Areas of Interest
The STEM disciplines supported by the S-STEM program include:
- Biological sciences (except medicine and other clinical fields);
- Physical sciences (including physics, chemistry, astronomy, and materials science);
- Mathematical sciences;
- Computer and information sciences;
- Engineering; and
- Technology areas associated with the preceding disciplines (for example, biotechnology, chemical technology, engineering technology, information technology, etc.)
The S-STEM program particularly encourages proposals from 2-year institutions, Minority Serving Institutions (MSIs), Historically Black Colleges and Universities (HBCUs), Hispanic Serving Institutions (HSIs), tribal colleges, and urban public and rural institutions.
Who May Submit Proposals:
Proposals may only be submitted by the following: Institutions of Higher Education (as defined in section 101(a) of the Higher Education Act of 1965) in the United States and its territories that grant associate, baccalaureate, or graduate degrees in the S-STEM disciplines listed in Section IV.B. are invited to submit proposals.
Who May Serve as PI:
For Track 1 (Institutional Capacity Building) and Track 2 (Design and Development: Single Institution) projects, the Principal Investigator must be a faculty member currently teaching in one of the S-STEM disciplines listed in Section IV.B. who can provide the leadership required to ensure the success of the project. Projects involving more than one department within an institution are eligible, but a single Principal Investigator must accept overall management responsibility. Other members of the S-STEM project leadership and management team may be listed as Co-Principal Investigators.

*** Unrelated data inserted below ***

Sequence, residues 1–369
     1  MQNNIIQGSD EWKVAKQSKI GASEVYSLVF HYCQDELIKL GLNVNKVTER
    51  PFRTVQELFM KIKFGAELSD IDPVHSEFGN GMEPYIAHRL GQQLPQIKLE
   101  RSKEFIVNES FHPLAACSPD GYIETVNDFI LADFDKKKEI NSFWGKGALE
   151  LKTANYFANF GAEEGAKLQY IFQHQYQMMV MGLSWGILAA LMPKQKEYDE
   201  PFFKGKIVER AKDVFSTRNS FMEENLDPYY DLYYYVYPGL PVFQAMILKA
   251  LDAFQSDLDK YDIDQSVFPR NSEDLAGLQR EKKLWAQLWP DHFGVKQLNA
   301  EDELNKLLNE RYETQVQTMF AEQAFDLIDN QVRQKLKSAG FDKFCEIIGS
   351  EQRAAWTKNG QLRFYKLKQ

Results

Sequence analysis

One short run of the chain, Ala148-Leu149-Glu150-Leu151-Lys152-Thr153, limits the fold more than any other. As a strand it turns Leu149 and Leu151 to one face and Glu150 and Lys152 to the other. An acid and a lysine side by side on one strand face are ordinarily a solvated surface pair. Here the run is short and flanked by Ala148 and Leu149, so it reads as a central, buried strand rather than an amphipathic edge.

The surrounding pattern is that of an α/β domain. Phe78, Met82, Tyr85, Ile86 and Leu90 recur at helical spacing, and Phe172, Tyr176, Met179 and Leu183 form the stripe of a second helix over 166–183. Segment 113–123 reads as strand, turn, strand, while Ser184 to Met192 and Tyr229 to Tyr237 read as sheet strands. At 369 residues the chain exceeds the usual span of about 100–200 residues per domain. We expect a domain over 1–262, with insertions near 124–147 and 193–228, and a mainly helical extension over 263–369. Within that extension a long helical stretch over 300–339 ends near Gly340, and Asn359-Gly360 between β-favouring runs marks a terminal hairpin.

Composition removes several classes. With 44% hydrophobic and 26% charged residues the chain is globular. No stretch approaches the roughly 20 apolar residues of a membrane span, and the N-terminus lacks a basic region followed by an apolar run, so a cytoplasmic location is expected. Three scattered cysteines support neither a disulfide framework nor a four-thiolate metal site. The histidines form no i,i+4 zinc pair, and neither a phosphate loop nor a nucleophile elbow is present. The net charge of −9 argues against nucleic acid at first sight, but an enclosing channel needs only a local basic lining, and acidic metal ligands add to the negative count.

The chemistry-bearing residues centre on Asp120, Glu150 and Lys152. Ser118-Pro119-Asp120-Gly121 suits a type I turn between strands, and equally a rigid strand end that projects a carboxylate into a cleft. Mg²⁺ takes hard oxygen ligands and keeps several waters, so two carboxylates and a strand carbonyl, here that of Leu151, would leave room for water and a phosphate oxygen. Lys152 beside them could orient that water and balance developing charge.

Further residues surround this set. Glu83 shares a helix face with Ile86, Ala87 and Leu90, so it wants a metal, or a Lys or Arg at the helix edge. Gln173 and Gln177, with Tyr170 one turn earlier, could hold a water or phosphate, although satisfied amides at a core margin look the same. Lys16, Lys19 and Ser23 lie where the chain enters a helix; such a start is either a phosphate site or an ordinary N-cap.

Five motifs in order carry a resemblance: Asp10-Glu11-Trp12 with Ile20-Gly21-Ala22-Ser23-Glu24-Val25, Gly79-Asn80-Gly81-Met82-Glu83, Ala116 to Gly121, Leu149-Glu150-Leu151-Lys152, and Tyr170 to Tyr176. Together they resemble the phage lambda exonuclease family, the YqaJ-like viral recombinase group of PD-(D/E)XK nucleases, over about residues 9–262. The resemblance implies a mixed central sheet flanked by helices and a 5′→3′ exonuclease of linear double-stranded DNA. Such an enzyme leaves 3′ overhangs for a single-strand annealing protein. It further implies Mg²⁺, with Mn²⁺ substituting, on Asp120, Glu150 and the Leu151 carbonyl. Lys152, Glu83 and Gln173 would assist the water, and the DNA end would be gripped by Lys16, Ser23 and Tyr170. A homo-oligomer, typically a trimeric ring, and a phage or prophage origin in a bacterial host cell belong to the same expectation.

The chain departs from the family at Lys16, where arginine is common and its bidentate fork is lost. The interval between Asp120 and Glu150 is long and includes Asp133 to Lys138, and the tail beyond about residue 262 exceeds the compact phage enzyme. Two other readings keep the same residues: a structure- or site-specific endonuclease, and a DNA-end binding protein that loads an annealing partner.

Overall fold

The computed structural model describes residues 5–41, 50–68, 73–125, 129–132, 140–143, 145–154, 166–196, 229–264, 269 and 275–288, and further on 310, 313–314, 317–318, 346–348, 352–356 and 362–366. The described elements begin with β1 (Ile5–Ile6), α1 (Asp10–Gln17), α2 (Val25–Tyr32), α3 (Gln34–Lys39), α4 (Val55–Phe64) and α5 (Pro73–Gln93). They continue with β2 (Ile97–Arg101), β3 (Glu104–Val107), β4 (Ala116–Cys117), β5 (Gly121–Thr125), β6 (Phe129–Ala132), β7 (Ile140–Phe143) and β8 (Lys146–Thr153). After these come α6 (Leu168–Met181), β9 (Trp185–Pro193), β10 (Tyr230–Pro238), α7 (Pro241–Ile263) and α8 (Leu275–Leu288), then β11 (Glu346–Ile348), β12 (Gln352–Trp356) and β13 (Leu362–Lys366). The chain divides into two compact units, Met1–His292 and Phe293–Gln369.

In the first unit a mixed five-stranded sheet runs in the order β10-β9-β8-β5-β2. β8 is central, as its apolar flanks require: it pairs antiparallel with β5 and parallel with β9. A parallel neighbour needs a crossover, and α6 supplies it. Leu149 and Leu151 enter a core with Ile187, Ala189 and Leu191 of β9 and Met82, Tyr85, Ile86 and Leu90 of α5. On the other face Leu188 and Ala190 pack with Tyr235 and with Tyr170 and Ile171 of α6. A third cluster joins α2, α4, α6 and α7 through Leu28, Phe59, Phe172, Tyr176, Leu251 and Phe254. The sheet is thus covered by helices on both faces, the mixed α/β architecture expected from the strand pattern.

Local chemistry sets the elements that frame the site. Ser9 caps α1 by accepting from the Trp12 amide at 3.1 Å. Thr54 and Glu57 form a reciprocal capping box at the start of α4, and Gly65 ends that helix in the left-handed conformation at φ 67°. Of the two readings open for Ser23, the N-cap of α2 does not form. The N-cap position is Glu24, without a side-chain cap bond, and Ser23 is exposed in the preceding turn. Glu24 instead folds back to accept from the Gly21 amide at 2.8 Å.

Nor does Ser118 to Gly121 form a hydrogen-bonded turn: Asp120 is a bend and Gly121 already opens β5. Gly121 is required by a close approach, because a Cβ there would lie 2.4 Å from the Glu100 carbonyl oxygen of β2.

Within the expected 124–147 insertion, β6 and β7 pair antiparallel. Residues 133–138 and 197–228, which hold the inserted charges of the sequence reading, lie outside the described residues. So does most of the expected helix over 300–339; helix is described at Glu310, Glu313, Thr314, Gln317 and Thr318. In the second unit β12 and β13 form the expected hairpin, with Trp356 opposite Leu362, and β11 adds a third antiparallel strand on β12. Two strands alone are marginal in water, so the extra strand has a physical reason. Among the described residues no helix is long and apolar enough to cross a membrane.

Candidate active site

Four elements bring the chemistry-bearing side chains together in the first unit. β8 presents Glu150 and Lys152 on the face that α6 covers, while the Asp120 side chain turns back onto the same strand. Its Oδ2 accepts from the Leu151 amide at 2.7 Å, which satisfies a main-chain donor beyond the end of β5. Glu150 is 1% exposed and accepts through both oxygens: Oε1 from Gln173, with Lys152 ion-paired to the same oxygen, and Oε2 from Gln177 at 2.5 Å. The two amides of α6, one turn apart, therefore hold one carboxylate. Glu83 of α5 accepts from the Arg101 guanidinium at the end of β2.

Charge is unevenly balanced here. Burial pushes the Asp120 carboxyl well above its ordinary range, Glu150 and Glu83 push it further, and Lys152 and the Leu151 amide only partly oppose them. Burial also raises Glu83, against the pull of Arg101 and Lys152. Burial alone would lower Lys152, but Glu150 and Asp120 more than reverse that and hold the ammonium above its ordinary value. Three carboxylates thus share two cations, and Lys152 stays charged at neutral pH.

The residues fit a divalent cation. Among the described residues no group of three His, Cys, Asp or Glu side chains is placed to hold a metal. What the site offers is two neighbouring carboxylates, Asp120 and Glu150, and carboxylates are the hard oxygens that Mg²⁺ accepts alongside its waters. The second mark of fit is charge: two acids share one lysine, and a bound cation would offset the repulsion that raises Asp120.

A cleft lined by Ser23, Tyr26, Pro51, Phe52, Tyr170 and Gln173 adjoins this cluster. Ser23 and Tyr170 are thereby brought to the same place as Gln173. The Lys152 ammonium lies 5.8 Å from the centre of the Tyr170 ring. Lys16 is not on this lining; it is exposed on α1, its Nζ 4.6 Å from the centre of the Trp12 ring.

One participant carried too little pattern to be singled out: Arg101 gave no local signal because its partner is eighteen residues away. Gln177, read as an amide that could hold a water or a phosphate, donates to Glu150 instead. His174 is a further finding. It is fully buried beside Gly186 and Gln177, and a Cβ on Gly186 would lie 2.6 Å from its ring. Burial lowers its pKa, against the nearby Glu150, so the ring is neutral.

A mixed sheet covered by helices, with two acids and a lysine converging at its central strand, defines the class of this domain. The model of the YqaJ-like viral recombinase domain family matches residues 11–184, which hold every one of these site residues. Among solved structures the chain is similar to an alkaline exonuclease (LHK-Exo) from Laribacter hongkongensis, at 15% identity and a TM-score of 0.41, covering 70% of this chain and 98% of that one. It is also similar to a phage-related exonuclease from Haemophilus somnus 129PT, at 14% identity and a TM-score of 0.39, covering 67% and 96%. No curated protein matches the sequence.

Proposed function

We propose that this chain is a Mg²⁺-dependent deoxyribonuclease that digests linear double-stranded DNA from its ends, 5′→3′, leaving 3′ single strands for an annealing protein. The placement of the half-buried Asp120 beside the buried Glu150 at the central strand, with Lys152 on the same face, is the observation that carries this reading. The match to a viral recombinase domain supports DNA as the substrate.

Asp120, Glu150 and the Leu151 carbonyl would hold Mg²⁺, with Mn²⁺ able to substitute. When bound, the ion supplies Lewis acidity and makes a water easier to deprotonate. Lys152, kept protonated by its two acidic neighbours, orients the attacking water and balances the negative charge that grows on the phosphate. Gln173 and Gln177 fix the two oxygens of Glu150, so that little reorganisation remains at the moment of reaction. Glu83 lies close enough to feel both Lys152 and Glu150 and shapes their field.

For Track 3 (Design and Development: Multi-Institutional Consortia) projects, the Principal Investigator must be a faculty member currently teaching in one of the S-STEM disciplines listed in Section IV.B. or an institutional, educational, or social science researcher who can provide the leadership required to ensure the success of the project. A consortium project must have a Principal Investigator who accepts overall management responsibility. Other members of the S-STEM senior project leadership and management team may be listed as Co-Principal Investigators or PIs on collaborative research proposals.
Limit on Number of Proposals per Organization: